Many debtors file for bankruptcy on their own rather than retaining an attorney, feeling reluctant to bear the additional cost. However, hiring a bankruptcy lawyer can help you approach the situation more strategically. An attorney can advise you on alternatives to bankruptcy so that you can make sure to choose the right path for you. They also can explain the process so that you are not surprised by anything that happens, such as the loss of some of your property.
The attorney will review your case with an eye toward any issues that the bankruptcy trustee or creditors might raise. They also will attend the Section 341 meeting of creditors and handle interactions with the trustee. If a dispute arises in the course of your bankruptcy, they can advocate for you in court or during settlement negotiations.
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Issues to Discuss with an Attorney
One of the most critical areas in which an attorney may be useful is determining which chapter of the bankruptcy code should serve as the basis for your filing. An attorney can help you go through the means test to determine whether you are eligible for Chapter 7. If you are not eligible, or if Chapter 7 is not right for you, they can advise you on what you would need to do under a Chapter 13 repayment plan. This may involve asking you questions about your household, your income and expenses, your job, any previous bankruptcy filings, and tax payments.
Also, an attorney can advise you on the degree to which exemptions can cover your property. If exemptions do not cover everything, the attorney can help you weigh whether getting a discharge of qualifying debts would make the loss of your non-exempt assets worthwhile. They will carefully explore the scope of your assets and determine whether you have a substantial amount of non-dischargeable debt. (You should bear in mind that filing for bankruptcy may have benefits even if you do not get a full discharge of your debts. It can delay collection efforts and give you more time to pay your bills.)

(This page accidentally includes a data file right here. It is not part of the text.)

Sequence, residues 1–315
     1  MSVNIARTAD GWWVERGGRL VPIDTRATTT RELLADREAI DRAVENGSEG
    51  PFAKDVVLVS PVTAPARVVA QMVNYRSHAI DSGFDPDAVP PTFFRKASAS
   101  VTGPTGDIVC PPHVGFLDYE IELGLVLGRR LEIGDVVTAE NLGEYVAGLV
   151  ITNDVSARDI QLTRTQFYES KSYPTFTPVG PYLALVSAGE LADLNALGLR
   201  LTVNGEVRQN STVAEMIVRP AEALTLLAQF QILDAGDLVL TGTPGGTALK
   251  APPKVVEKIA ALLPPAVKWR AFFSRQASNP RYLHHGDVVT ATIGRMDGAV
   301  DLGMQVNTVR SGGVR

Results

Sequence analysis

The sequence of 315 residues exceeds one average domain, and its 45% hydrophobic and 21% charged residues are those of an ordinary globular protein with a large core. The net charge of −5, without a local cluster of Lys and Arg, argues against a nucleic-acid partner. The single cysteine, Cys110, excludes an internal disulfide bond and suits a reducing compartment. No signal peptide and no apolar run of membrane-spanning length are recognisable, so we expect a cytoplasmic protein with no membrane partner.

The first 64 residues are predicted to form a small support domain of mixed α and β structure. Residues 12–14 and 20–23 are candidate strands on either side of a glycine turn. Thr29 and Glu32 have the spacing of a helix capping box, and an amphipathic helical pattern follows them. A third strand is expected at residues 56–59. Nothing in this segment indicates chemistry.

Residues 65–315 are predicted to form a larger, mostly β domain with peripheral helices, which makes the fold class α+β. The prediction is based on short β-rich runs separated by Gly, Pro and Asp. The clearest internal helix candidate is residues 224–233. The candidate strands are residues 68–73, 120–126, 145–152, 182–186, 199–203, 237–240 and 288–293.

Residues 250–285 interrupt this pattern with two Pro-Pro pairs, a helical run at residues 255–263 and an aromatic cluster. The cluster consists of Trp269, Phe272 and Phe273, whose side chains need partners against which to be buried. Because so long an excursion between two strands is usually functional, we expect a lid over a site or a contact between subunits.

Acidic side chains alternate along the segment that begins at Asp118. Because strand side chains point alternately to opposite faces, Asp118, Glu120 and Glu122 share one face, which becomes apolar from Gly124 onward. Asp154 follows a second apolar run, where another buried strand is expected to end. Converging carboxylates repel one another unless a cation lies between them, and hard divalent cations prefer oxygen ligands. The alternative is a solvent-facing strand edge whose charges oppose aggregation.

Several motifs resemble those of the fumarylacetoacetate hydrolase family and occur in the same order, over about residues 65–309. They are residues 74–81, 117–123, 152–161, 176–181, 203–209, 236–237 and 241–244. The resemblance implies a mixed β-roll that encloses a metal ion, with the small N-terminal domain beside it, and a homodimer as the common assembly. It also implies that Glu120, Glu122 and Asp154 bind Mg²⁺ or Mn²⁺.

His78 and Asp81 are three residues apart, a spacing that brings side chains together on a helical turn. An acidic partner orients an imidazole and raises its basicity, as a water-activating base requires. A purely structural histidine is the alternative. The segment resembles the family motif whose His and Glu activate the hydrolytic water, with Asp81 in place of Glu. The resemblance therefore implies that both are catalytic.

If you need to file bankruptcy immediately, an attorney can help you file the paperwork efficiently and thoroughly. You may need to get relief right away if you are facing a foreclosure, an eviction, or the loss of your car, or if you are having money garnished from your bank account or wages, among other situations.
Fees for Bankruptcy Attorneys
The fees that bankruptcy attorneys charge vary widely by region. In some relatively ordinary cases, you might be able to retain an attorney for a modest flat fee. However, you should be aware that a startlingly low fee may be too good to be true. This might be simply a base fee to which the attorney adds extra amounts based on various circumstances in a bankruptcy. Some attorneys engage in deceptive advertising, so you should make sure that you understand your fee before signing a representation agreement.
Even if a lawyer charges a flat fee, which is common in bankruptcy cases, they may charge hourly for extra work.
At the other end of the spectrum, a fee that is unreasonably high can be reviewed by the bankruptcy court and potentially refunded to the trustee. In some states, a fee will be presumed reasonable if it falls within a certain range, although a court still has the authority to review a fee in this range. Fees in those states usually can go above the presumptively reasonable range, but the attorney will need to ask the court for approval, explaining why a higher fee is appropriate.
The fee should not be the only basis for choosing an attorney. You will want to arrange an initial consultation with an attorney whom you are considering. This may be free or offered at minimal cost. While the attorney’s staff can handle much of the paperwork in a bankruptcy case, you should make sure that any legal advice and advocacy come from a licensed attorney. You can ask people whom you trust for referrals, but you should still explore the attorney’s qualifications to decide whether you are confident in them.